According to a 2015 WHO study, titled Depression And Other Common Mental Disorders, over 5 crore Indians suffer from depression and over 3 crore have anxiety disorders. By sharing stories of her individual struggle, Shaheen Bhatt, who fought depression, is helping us lift the veil and speak about mental health candidly.
“One of my most vivid memories is from when I was a teenager. I was standing at the door of a mostly empty train compartment, making my way back home from a friends’ house. I stood silently at the door and stared, fixated on the train tracks as they flew past me in a blur of colour. That’s when a little voice piped up in my head, ‘Jump’, it said. ‘Jump, and it will all be over.’ It was my 16th birthday. I was consumed with pain and anguish so ferocious, that in that moment, insane thoughts like ‘Jump’ didn’t seem insane at all. I had been living with this familiar but unexplained torment for four years already, but what I didn’t know as I stood defeated and helpless on that train was that the torment I was experiencing had a name. It wasn’t until two years later that I was diagnosed with depression, and until then, I had continued to suffer in silence, all the while believing I was a damaged, broken thing that could never be fixed. As poet CS Lewis put it, ‘Mental pain is less dramatic than physical pain, but it is more common and also harder to bear. The frequent attempt to conceal mental pain increases the burden. It is easier to say, my tooth is aching, than to say, my heart is broken.’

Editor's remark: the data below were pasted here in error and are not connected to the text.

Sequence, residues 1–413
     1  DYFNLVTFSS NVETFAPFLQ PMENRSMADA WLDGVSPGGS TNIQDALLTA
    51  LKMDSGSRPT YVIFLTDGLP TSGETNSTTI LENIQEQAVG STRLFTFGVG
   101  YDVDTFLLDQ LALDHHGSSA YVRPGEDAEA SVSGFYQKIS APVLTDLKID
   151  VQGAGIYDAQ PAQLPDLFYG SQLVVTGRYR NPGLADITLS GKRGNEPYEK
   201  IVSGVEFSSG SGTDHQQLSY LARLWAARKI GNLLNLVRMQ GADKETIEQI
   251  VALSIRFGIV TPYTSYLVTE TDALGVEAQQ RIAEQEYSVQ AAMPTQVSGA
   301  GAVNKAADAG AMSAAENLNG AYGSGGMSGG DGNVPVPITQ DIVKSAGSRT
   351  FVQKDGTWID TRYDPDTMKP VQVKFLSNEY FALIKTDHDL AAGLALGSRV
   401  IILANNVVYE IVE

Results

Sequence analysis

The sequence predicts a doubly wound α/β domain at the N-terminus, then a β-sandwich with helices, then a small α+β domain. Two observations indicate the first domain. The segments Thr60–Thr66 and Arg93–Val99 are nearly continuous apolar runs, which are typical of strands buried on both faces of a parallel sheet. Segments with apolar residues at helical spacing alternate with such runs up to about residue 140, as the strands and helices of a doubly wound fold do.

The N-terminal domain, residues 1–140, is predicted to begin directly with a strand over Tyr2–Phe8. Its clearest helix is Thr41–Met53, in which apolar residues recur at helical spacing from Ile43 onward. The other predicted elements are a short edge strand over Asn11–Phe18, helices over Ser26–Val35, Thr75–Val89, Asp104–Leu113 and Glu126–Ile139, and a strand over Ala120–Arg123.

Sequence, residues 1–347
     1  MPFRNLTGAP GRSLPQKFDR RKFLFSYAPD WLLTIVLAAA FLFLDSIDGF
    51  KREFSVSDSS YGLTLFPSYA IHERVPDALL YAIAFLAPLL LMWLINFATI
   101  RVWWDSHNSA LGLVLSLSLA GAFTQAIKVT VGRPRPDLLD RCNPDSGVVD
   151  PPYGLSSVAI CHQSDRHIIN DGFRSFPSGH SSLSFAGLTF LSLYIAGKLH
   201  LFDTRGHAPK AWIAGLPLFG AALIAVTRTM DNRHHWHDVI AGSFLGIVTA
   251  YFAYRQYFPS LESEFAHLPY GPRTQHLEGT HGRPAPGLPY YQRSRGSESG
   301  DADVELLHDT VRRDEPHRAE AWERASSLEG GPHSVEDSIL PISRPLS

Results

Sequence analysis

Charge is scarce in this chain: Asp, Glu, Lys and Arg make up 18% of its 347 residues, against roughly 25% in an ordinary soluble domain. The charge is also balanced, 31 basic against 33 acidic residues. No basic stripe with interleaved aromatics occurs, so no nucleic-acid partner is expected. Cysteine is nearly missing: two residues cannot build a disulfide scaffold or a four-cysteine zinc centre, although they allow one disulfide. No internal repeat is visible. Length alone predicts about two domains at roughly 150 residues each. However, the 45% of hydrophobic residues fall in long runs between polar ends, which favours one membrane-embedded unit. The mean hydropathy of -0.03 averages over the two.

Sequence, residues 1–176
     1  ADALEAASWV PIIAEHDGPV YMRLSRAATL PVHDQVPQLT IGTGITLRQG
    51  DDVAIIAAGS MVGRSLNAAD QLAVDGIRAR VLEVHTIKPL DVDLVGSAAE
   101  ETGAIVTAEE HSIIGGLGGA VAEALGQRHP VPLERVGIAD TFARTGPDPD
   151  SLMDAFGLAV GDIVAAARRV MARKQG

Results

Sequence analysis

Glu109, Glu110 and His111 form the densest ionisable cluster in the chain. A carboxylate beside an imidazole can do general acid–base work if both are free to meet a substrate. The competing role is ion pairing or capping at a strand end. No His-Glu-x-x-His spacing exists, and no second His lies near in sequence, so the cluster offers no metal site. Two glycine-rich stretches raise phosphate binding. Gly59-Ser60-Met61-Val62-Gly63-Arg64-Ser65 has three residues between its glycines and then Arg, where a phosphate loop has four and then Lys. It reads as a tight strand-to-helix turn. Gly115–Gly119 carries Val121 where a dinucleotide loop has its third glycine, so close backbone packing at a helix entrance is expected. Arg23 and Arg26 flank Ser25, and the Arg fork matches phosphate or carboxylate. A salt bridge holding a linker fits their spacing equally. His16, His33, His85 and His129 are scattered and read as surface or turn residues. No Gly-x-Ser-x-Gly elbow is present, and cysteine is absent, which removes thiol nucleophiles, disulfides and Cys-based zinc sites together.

I spent the better part of my early 20s and teenage years concealing my hurt. I learned from the world around me that bad feelings were meant to be kept to yourself, no matter how real those feelings were. When I was unhappy, I locked myself in my bedroom so no-one would see me crumble. When I was outdoors, I plastered a smile on my face even though I was screaming on the inside. I tucked my pain away because I believed it was wrong, and that it meant that I was crazy. I craved nothing more than to fit in, to be ‘whole and happy’ like everyone around me seemed to be.
It wasn’t until very recently that I stopped hiding. Depression was exhausting enough already, without me choosing to wear a mask and spend all my time and energy concealing it. What was the worst that could happen? I would be labelled different, but I was already different, so how did it really matter? So, I stopped. I began to be honest about why I wasn’t leaving the house, I started to tell people that I go to therapy and take anti-depressants to feel ‘normal’.
And things got better. I was no longer focusing on trying to be someone I wasn’t, and I was able to look after myself. Things didn’t magically change though, and not everyone understood. Getting through a bad day was still an uphill climb, but the burden of pretense had been lifted from my shoulders and for the first time in my life, I was authentically me. If I keep talking about this, I’m going to become the poster-child for everything sad, I grumbled to my mother. So what, darling? my mother said. It’s a conversation that needs to be had. We need to talk about things that are real. And that’s when I realised—one way or another, pain exists and not talking about it is never the answer. I can’t entirely control my depression, neither can I control the way people perceive me. All I can control is how I choose to look at depression myself, accept it and not be ashamed of who I am. That’s when I realised that I’d much rather be real and ‘broken’ than artificial and ‘whole’, because good or bad, you should never be afraid of who you are.”